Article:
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The Power To Investigate FOIA Complaints

Shouldn't there be a body in Virginia that can investigate and enforce FOIA violations, and resolve disputes, too?

Much attention was recently directed at the governor's Government Reform Commission's revelation that it held a series of closed-door workgroups to discuss possible recommendations. Last year the commission used public committees to do the consider recommendations, so when the commission's staff announced in April that it would use the workgroup format, I don’t think anyone thought they would be anything other than open to the public also.

Just a few days after it became clear they were anything but open (and only after some agonizingly bad explanations of how this was some new concept of transparency that many many not be able to understand), the governor wisely agreed to require future workgroups to meet in public…but only if three or more commission members are present.

That, of course, raises the question of what happens when just two members, or even one or even none, are present. In my opinion, if the workgroups can be characterized as entities set up to advise the commission, the workgroups are open, regardless of how many commission members are present.

It is not surprising that the political long knives came out very quickly. The governor’s office sniped that his predecessor would not have opened up any of his meetings. The Democrats retorted that they were intentionally excluded.
Then, Alexandria’s Del. David Englin, a Democrat, demanded that Attorney General Ken Cuccinelli, a Republican, investigate whether the workgroups had violated FOIA. The AG declined, saying his office didn’t have investigatory authority under FOIA.

Perhaps sensing that this part of the drama was getting lost in the partisan weeds, the Roanoke Times penned an editorial on Sept. 15 that raised the question: if they Attorney General is correct (the editorial thinks he's not, but regardless), SHOULD the AG have the power to investigate FOIA violations?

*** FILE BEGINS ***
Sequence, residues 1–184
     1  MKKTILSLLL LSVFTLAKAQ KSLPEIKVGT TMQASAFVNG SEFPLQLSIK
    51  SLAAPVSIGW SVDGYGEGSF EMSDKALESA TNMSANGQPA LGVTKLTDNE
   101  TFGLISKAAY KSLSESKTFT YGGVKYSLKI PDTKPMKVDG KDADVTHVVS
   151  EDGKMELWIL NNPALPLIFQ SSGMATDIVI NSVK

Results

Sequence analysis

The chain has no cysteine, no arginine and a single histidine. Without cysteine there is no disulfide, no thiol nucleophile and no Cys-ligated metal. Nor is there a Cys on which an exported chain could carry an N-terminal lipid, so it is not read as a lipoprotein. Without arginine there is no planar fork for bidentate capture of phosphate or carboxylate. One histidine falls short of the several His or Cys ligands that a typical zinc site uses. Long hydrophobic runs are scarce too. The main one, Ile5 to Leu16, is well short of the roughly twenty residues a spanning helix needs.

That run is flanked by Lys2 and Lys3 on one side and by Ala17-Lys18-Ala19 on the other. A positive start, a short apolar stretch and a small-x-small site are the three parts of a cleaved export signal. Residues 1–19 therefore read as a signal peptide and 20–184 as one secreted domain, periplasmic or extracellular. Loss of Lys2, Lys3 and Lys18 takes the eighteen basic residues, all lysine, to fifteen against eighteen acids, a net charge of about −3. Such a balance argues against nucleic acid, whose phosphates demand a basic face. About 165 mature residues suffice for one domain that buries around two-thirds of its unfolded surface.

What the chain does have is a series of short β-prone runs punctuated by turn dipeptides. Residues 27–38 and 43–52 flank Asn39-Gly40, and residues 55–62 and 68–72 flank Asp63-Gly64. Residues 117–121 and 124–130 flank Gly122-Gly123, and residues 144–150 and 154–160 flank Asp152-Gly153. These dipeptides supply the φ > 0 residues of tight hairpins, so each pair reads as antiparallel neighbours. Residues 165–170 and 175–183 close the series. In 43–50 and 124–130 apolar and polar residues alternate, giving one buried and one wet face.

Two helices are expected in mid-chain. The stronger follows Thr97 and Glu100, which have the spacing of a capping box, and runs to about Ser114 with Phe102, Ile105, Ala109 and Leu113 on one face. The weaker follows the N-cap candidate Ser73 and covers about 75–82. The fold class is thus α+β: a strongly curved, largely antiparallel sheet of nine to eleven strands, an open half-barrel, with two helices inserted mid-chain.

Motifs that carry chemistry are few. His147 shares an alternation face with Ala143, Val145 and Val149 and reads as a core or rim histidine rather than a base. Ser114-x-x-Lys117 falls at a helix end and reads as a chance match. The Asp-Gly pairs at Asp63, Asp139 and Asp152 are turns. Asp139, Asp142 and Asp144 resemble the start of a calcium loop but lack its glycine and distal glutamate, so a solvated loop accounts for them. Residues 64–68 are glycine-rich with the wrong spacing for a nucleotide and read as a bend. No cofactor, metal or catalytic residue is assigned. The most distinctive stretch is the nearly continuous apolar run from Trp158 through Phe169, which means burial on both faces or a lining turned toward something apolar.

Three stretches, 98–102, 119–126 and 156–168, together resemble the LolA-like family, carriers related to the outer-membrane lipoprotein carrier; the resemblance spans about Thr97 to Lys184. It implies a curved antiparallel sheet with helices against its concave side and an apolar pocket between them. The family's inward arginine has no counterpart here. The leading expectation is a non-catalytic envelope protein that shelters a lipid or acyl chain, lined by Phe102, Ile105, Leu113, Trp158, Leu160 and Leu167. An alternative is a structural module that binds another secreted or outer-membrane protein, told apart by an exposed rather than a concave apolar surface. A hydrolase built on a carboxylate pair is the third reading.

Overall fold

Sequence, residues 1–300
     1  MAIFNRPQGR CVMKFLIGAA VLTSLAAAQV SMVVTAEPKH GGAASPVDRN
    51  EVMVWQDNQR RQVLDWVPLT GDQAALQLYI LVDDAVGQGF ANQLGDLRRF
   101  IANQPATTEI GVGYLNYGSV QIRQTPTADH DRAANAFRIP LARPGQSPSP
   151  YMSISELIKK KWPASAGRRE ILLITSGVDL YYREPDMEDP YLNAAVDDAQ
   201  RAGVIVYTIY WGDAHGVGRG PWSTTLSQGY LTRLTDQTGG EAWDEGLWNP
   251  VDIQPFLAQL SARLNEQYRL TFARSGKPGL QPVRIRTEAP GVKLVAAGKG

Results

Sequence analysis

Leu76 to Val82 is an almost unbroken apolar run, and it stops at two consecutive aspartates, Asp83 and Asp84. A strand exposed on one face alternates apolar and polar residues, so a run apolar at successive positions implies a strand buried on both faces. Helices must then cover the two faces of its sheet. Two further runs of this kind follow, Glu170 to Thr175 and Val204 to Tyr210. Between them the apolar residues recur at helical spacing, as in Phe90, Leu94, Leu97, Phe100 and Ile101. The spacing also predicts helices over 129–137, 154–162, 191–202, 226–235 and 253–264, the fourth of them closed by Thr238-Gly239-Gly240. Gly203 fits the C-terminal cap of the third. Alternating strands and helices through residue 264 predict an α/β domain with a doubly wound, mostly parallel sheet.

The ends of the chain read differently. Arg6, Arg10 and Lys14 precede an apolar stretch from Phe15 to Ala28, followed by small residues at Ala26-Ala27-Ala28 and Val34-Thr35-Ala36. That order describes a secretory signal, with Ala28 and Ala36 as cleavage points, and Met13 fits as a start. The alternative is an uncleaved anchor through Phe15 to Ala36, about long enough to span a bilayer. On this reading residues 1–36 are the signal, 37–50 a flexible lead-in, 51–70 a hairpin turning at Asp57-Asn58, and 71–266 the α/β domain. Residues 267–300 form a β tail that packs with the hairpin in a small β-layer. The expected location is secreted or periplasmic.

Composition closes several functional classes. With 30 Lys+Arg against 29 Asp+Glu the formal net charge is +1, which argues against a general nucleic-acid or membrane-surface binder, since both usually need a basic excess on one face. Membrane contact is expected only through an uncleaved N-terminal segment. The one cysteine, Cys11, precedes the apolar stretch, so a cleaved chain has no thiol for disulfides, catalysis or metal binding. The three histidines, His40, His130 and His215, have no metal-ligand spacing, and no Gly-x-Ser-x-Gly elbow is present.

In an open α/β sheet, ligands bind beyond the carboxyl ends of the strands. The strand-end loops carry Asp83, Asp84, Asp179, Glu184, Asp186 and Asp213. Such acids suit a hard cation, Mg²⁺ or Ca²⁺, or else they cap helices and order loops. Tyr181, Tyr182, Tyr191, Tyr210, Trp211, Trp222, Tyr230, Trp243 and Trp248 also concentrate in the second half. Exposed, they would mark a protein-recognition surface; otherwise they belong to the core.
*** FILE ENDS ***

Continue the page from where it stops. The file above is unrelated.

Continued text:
It's an excellent question.

The FOIA Council, set up in 2000, has handled thousands of FOIA inquiries over the years. It issues formal and informal opinions, it sets up workgroups (open to the public, of course) to study changes to FOIA, and it is currently conducting statewide "FOIA roadshows" to train government employees on the ins and outs of Virginia's FOIA.

But, it doesn't have enforcement authority. It doesn't even have the authority to informally mediate a FOIA dispute.

Connecticut has that. Their FOIA Commission issues binding opinions. The New York FOIA office's have de facto binding authority.

Even though they're giving out great advice, the Virginia council just can't get involved in the nitty gritty of investigating and/or resolving a FOIA dispute.

The Attorneys General in Texas, Kentucky and Hawaii (and others) all have some sort of authority to investigate and resolve FOIA disputes, as well as the special FOIA divisions to do it.

Given that the FOIA Council has been devoted to studying and interpreting FOIA -- and FOIA only -- for the past 10 years, I'd prefer that it get enforcement authority over the AG's office. But one of them should get it, and it should include the power to investigate, to enforce and/or to resolve disputes.

As it now stands, the only option citizens have is to go to court to resolve problems. This is costly, time-consuming and pretty intimidating to a lot of litigants. And, unfortunately, we've heard of too many judges who have admitted to not knowing much about FOIA. District and circuit court opinions also apply only to that locality, setting the stage for different interpretations of the same law in different parts of the state.